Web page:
To Stalk a Muni
April 22, 2015
You’re waiting for the bus. The prediction monitor at the stop says five minutes, four, three… then just as you’re getting excited it changes its estimation to half an hour. Perhaps it’s raining and dusk and everyone is getting angry. Why are you standing here, why did the prediction API tell everyone it was time to get out to the bus stop? Can predictions be improved?
I’ve decided to find out. The first step to more accurate muni predictions is to accumulate historical data. With weeks’ worth of detailed bus position data we can find the patterns which cause errors in the traditional prediction algorithm.
Happily the realtime position and prediction API is available for free and without so much as a consumer key. The historical information is not available but we can write some code to collect it.
Here’s where Amazon EC2 is our friend. We can spin up a micro instance, set a cron task, and then relax as it does the work. An easy and reproducible way to build an EC2 machine for the job is to use Packer and Chef. We want our machine to hit the Nextbus API on a cron and save the results to S3 for later processing. That means we have to install the aws command line tool for S3 uploading, include our script and set the cron. I’ve taken care of all this at begriffs/stalk27 and the repo includes instructions to deploy so you can try it yourself.
My data collection philosophy is to save as much information as possible when sampling the API. Rather than picking relevant parts out of the XML document I’ve opted to save the whole thing. In fact I save the entire HTTP response header payload along with the document body. I think of data collection like a Mars mission – we can never go back in time with this data source so we should err on the side of over-collecting.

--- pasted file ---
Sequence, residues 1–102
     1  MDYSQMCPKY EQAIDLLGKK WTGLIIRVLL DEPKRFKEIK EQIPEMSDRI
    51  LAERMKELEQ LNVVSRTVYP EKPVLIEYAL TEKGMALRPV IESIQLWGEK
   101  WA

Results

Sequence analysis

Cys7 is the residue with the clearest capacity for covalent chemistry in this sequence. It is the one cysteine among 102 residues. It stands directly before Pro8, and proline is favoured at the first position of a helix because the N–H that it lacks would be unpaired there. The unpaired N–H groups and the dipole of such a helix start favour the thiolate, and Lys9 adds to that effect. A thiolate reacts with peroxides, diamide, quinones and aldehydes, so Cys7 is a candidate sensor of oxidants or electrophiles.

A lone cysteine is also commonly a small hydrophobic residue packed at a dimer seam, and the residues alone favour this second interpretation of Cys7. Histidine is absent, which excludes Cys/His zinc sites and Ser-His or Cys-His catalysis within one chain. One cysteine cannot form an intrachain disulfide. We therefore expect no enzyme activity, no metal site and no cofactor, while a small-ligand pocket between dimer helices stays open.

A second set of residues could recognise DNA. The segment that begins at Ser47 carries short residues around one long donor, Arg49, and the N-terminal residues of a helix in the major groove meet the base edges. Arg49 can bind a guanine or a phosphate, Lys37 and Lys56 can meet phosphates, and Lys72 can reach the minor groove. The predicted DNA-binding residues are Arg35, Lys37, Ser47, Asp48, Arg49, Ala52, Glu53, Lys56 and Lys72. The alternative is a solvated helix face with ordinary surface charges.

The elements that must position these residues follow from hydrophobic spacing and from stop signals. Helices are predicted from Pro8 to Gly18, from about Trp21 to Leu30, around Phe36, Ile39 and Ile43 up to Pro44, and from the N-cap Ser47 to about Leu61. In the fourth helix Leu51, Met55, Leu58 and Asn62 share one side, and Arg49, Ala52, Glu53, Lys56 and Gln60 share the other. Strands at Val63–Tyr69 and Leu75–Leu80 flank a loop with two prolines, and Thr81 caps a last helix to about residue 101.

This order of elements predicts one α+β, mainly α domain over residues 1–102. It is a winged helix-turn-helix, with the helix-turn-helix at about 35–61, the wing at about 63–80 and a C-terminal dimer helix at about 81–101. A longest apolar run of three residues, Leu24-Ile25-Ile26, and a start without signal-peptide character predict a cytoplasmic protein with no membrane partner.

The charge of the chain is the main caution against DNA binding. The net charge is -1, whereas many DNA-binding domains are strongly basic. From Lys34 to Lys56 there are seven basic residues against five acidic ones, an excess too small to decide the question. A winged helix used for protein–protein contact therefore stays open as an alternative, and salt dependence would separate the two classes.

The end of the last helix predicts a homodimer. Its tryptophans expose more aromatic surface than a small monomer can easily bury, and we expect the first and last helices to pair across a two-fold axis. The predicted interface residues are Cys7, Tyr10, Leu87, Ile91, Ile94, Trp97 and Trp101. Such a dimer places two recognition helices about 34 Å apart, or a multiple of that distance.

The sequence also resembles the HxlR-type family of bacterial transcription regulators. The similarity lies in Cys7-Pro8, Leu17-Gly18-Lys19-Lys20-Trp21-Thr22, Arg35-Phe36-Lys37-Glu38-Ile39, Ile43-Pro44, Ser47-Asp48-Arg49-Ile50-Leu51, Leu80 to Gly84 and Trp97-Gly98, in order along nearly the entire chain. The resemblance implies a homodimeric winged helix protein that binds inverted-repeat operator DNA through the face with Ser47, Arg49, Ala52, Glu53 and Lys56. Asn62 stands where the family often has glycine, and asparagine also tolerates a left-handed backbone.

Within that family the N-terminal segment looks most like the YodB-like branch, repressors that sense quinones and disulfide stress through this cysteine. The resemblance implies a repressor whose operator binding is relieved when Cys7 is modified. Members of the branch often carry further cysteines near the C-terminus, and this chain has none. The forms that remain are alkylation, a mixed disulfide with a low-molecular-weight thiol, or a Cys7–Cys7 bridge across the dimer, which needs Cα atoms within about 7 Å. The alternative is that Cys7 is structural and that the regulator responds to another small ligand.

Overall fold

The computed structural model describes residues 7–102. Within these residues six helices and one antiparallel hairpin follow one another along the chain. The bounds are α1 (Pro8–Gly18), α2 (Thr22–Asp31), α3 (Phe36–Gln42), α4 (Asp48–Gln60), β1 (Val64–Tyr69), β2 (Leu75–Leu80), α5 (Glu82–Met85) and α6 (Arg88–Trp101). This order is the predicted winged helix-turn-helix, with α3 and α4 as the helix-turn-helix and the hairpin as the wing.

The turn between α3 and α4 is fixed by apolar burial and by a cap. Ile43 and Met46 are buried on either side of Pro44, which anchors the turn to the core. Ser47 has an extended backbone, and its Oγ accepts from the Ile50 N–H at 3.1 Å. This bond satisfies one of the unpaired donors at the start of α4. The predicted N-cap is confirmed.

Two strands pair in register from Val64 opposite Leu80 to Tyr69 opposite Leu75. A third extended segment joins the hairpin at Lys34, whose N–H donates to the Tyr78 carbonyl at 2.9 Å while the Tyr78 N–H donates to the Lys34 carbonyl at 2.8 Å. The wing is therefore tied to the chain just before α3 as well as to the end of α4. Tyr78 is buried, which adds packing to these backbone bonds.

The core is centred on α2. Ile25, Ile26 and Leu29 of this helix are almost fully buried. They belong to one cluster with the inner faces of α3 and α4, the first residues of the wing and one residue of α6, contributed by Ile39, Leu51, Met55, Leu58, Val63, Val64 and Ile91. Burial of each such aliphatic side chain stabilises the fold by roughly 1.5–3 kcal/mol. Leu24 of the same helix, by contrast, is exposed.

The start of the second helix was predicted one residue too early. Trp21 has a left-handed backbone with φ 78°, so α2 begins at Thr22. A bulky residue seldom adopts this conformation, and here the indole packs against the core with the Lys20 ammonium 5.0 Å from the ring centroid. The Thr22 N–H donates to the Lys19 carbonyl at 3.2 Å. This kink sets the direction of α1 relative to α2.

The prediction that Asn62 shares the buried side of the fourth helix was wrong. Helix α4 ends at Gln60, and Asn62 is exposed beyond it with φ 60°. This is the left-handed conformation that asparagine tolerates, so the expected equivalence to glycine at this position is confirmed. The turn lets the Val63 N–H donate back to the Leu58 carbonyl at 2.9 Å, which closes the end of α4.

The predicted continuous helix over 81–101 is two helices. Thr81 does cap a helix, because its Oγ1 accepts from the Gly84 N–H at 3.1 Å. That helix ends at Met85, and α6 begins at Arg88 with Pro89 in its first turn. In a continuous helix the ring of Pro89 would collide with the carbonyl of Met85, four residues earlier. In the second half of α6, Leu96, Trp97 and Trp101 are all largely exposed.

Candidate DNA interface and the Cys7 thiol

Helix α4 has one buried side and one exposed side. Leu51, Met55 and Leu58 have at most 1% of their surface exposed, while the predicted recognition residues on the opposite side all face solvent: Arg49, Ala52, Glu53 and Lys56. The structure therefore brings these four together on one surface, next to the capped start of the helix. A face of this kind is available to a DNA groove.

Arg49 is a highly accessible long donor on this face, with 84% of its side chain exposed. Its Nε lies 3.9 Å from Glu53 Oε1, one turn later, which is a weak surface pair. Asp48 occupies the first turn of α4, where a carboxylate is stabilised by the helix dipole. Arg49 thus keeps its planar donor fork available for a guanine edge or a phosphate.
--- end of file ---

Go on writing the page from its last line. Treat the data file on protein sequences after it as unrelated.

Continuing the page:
The next consideration is to choose dumb reliable storage and decouple the storage from the worker machine. Rather than save into a fancy database I just create a suitably-named file for each response. Also I avoid the local filesystem. The output is independent from the lifespan of the worker. While the worker runs it collects, else the data merely persists.
The only missing piece is monitoring and alerting. If this project were crucial and truly intolerant of missing data it should have some failover, redundancy and monitoring. For those kind of requirements I would choose begriffs/microservice-template and enable Amazon CloudWatch.
After two weeks I will begin analysis and will share with you what the data reveals about bus delays. I am collecting data on route 27 because I’ve had bad experiences waiting for wildly late buses at Powell station. If the new prediction algorithm ends up working well then I’ll scale up the data collection to more routes and maybe create a web interface for other people to check accurate departure times.